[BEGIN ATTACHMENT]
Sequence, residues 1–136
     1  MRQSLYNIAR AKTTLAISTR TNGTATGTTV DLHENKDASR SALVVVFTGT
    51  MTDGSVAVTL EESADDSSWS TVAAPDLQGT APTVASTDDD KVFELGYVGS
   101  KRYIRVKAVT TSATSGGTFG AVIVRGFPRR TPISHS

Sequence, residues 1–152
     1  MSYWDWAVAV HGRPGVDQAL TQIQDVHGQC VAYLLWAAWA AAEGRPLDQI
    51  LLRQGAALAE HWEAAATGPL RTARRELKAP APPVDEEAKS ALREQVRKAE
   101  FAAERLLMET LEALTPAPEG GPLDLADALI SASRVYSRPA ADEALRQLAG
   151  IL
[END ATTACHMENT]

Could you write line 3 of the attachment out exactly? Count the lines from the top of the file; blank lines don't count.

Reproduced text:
    51  MTDGSVAVTL EESADDSSWS TVAAPDLQGT APTVASTDDD KVFELGYVGS